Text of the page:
Italy prepared on Saturday to commemorate the dozens of people killed when a motorway bridge collapsed in the northern port city of Genoa.
The official ceremonies come as the ANSA news agency reported that a family of three, including a 9-year-old girl, had been found under rubble, bringing the death toll from the disaster to 41.
The fire department has so far only confirmed the recovery of the "completely crushed" car they were traveling in.
Two other people are reported to be still missing.
La Stampa newspaper has reported that the families of 17 victims have refused to take part in official commemorations while seven others have not yet decided whether to attend amid continued public outrage at perceived failures by authorities.
"It is the state that has provoked this. They shouldn't show their faces; this parade of politicians is shameful," the paper quoted the mother of one victim as saying.
President Sergio Mattarella and Prime Minister Giuseppe Conte were scheduled to attend a state funeral service in Genoa, along with other dignitaries.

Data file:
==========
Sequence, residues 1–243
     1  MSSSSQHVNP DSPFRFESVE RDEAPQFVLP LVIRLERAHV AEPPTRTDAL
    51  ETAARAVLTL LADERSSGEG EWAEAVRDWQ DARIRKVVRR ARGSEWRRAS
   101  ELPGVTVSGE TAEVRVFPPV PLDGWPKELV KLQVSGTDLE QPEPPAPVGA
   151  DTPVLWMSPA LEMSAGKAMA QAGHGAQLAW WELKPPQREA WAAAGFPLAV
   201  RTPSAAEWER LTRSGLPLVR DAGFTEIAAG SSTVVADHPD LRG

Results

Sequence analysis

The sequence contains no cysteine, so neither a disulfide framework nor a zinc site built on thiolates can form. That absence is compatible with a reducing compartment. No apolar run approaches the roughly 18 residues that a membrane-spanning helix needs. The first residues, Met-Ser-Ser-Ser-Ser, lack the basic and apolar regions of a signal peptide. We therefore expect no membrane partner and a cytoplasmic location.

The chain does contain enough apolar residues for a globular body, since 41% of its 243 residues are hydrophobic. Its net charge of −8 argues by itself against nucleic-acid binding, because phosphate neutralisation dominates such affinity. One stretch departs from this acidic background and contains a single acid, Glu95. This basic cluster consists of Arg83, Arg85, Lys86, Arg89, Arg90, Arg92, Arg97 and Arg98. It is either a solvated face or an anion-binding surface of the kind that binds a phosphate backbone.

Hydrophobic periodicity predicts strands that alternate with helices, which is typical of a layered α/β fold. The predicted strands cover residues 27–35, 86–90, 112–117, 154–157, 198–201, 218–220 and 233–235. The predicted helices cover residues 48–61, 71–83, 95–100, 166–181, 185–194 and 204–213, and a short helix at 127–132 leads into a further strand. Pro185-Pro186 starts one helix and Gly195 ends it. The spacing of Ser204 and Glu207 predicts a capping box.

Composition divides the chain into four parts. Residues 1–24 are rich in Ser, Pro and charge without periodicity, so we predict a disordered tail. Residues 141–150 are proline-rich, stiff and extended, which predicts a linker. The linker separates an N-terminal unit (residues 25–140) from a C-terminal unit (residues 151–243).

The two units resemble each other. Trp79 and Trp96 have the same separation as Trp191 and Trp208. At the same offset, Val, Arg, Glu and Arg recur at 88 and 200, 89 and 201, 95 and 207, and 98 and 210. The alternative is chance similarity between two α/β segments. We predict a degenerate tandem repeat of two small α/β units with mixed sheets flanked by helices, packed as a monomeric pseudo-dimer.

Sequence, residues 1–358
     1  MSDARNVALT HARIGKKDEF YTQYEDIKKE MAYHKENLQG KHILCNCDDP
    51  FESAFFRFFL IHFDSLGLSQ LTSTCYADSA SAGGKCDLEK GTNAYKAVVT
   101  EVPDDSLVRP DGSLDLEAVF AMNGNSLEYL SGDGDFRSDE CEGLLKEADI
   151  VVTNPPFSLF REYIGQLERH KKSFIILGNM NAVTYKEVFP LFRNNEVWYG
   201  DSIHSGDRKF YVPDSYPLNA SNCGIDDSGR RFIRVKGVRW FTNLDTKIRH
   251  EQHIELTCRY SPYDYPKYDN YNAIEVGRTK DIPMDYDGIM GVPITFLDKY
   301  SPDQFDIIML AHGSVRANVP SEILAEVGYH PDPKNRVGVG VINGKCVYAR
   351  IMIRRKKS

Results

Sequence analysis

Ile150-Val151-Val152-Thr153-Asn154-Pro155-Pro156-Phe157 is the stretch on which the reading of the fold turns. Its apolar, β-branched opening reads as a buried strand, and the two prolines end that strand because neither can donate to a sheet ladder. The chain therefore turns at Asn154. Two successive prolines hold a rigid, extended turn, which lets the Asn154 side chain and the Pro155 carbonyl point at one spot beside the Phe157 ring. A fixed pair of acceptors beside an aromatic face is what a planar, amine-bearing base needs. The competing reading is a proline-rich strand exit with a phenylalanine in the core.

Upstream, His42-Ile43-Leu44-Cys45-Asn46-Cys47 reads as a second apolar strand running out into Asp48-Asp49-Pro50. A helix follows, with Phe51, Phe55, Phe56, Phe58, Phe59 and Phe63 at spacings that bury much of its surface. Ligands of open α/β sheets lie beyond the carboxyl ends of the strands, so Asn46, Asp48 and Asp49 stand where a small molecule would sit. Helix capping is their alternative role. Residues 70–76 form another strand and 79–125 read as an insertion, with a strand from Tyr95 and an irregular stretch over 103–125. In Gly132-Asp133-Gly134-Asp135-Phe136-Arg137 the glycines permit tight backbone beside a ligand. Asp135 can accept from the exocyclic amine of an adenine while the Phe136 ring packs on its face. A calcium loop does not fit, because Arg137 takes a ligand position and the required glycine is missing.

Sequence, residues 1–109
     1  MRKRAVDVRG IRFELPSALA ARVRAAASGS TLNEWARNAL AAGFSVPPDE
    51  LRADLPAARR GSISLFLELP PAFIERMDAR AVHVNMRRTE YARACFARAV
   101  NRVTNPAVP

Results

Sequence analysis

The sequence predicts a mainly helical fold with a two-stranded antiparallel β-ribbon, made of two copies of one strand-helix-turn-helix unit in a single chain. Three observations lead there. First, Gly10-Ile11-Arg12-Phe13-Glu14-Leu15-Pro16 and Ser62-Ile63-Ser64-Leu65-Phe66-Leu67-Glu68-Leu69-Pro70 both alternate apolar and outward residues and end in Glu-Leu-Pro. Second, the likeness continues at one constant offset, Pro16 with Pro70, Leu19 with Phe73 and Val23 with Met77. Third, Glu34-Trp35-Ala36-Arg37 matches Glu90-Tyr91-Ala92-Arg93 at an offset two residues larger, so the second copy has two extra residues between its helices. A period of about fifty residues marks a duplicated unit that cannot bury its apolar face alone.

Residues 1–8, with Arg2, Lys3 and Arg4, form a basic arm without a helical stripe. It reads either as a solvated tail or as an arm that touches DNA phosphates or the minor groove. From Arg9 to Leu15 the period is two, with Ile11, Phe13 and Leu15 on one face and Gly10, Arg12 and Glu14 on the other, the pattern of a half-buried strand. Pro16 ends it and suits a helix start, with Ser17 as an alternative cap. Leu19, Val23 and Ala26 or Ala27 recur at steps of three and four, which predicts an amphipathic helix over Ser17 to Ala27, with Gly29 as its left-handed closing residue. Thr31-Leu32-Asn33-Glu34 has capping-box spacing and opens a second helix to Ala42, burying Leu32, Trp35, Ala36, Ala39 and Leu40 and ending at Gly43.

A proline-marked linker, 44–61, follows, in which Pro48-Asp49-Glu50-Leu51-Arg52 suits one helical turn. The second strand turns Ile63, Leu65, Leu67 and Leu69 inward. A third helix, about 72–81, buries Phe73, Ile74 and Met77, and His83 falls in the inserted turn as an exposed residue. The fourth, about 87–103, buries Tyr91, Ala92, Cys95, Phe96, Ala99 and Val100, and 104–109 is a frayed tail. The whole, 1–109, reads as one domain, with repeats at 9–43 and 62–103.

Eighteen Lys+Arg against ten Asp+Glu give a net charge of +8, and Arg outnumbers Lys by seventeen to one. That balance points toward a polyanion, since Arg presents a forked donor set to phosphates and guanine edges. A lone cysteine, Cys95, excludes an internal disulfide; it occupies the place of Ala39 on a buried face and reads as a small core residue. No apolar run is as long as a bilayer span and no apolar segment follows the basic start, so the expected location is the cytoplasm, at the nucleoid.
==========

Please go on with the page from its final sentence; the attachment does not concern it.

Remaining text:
Passing the blame
The populist government has put the blame for the catastrophe on the operator of the Morandi viaduct, Autostrade per L'Italia, saying the company had failed to invest sufficiently in maintenance.
The company denies the charges, saying it had put more than €1 billion ($1.14 billion) into maintenance since 2012. It says it will be holding a press conference on Saturday to announce its plans for victims and the city.
The Morandi viaduct, which dates from the 1960s, has experienced a string of structural problems over the decades, with engineering experts severely criticizing the structure.
The collapse is thought to have possibly been caused by the failure of one of the stay cables supporting the deck of the bridge, according to one engineer investigating the disaster.
Read more: Italy opens probe into operator of collapsed Genoa bridge
tj/jlw (dpa, Reuters, AFP)